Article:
B. Multiple Choice Questions
- Which of the following is a semiconductor material?
a. Ceramic b. Silicon c. Cadmium d. Rhodium.
- Which of the following statements is correct?
- Germanium valence electrons will need a smaller amount of additional energy to escape from the atom than silicon valence electrons
- Valence electrons of silicon are in the fourth shell while those of germanium are in the third shell
- Silicon is more widely used semiconductor material than germanium
- Germanium produces less number of electron hole pairs than silicon.
- Which of the following is not shown in the energy band diagram?
a. Permeable energy band b. Conduction band c. Valence band d. Forbidden gap.
- Which of the following statements is not true?
- Which of the following statements is not true?
- In both silicon and germanium atoms there are four valence electrons
- Intrinsic semiconductors behave like conductors at low temperatures
- Intrinsic semiconductors behave like insulators at low temperatures
- When an electron breaks a covalent bond and becomes free, a vacancy called hole is created.
- Which of the following statements is not true?
- An n-type material is formed by adding a small amount of pentavalent impurity to the pure silicon
- Examples of pentavalent materials are antimony, arsenic, and phosphorous
- An n-type material, inspite of the presence of a large number of free electrons is still electrically neutral
- In an n-type material holes are the majority carriers and electrons are the minority carriers.
- The width of the depletion layer of a p–n junction will increase when
- the p–n junction is forward biased
- the p–n junction is reverse biased
- the p–n junction is forward biased with a voltage which is higher than the normal rating
- the p–n junction is kept unbiased for a long time.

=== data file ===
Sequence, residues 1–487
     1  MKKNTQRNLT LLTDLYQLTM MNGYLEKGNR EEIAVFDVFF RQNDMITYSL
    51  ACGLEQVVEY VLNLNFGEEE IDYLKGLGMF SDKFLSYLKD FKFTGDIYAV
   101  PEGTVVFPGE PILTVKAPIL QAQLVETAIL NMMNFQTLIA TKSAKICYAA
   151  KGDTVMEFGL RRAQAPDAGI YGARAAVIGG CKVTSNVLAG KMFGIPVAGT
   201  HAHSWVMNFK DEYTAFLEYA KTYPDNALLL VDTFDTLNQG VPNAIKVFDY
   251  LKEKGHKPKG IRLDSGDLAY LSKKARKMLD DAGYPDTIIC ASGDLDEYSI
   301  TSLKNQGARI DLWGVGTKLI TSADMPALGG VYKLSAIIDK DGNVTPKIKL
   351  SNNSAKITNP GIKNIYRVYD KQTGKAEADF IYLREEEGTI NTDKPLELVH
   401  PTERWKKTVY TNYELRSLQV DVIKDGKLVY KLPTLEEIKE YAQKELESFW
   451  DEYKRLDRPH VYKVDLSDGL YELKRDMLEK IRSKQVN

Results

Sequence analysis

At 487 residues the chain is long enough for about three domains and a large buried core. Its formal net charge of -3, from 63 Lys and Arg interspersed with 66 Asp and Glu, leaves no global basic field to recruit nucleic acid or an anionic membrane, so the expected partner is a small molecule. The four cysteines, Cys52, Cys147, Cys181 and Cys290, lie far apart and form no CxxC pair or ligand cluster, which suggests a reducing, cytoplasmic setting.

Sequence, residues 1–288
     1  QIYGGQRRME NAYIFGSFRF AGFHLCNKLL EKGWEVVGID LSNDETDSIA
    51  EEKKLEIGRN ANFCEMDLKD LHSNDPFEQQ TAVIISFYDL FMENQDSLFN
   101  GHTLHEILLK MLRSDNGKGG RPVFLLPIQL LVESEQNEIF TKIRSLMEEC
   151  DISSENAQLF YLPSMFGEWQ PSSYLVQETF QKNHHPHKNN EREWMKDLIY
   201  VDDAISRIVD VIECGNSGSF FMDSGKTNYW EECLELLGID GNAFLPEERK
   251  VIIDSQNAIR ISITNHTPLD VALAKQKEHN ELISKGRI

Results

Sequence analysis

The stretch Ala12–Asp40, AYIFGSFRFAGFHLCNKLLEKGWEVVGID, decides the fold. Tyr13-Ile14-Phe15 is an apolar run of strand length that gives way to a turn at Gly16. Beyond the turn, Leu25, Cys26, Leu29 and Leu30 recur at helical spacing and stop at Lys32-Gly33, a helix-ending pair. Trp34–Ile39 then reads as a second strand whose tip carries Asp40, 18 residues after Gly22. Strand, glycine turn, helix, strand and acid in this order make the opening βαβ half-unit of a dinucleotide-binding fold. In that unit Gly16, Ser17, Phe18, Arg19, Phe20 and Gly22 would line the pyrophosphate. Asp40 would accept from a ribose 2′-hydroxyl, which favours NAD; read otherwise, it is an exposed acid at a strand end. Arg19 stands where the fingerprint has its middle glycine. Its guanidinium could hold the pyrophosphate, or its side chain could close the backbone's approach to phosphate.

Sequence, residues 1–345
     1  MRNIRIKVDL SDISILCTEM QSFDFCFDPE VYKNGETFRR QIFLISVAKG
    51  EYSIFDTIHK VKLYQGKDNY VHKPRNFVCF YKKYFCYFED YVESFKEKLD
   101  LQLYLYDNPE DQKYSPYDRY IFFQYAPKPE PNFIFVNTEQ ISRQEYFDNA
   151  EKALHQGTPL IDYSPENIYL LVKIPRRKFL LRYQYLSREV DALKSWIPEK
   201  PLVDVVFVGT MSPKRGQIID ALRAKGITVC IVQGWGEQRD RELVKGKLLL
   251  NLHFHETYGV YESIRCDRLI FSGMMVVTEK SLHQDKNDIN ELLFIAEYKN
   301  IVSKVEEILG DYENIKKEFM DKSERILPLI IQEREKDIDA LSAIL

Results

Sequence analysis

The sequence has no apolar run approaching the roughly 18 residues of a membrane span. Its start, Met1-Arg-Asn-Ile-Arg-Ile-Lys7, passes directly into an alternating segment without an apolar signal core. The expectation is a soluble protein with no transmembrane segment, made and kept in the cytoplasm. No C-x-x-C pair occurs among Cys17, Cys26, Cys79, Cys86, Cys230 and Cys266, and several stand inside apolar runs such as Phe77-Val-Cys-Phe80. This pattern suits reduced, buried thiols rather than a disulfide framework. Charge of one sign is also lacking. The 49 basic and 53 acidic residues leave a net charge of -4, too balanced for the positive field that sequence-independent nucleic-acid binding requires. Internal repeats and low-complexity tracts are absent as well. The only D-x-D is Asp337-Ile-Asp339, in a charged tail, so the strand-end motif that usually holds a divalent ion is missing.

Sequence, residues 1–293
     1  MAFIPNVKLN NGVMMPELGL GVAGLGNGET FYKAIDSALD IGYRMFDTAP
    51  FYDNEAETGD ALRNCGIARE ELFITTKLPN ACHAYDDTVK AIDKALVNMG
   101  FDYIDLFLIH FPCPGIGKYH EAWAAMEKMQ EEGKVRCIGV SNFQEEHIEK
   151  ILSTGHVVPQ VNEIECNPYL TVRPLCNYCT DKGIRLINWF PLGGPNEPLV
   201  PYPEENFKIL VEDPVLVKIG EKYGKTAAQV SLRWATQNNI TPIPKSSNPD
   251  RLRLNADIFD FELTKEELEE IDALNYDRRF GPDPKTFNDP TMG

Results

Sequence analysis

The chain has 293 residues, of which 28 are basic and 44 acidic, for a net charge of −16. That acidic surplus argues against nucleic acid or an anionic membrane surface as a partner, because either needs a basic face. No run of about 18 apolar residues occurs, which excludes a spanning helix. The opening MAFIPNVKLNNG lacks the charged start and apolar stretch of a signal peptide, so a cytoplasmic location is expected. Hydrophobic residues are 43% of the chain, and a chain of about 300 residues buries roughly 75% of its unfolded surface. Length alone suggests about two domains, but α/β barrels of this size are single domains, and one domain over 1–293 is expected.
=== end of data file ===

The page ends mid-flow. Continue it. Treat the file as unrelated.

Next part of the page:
- In the reverse-biased state of a diode current flowing, which is called reverse saturation current is due to
a. majority carriers b. minority carriers c. increase in reverse voltage applied externally d. both majority and minority carriers.
- Silicon diode is more popular than germanium diode because
- reverse saturation current of silicon is higher than that of germanium
- reverse saturation current of silicon is much lower than that of germanium
- temperature effect on reverse saturation current of silicon diode is very high
- break down voltage of germanium is higher than that of silicon.
- Which of the following statements is not true for a zener diode?
- A forward-biased zener diode behaves identical to a forward-biased diode
- Zener diode under the reverse-biased condition is used as a voltage regulator
- Zener diode under the forward-biased condition is used as a voltage regulator
- The operation of a reverse-biased zener diode is different than that of a reverse-biased diode.
- Which of the following statements is not true about the rectified sinusoidal wave?
- The ripple factor of a full-wave rectifier is 0.48
- The ripple factor of a half-wave rectifier is 1.21
- The ripple factor of an ideal rectified wave should be zero
- The ripple factor of an ideal rectified wave should be unity.